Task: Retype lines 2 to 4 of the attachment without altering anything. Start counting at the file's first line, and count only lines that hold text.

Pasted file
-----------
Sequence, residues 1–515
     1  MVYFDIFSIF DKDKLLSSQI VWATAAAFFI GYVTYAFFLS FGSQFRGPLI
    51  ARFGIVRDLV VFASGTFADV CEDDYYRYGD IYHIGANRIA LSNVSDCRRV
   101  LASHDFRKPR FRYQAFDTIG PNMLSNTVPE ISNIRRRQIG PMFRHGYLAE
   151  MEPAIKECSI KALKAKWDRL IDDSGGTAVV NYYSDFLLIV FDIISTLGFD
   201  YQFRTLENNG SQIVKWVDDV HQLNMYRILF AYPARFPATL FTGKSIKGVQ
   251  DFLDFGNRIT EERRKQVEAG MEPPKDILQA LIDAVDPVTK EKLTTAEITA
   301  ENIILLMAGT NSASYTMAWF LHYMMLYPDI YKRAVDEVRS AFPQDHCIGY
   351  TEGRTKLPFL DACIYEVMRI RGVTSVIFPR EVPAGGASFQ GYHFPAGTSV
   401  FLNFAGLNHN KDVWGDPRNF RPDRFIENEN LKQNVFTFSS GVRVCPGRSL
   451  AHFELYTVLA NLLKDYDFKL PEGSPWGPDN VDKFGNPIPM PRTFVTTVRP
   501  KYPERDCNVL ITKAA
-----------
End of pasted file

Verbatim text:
     1  MVYFDIFSIF DKDKLLSSQI VWATAAAFFI GYVTYAFFLS FGSQFRGPLI
    51  ARFGIVRDLV VFASGTFADV CEDDYYRYGD IYHIGANRIA LSNVSDCRRV
   101  LASHDFRKPR FRYQAFDTIG PNMLSNTVPE ISNIRRRQIG PMFRHGYLAE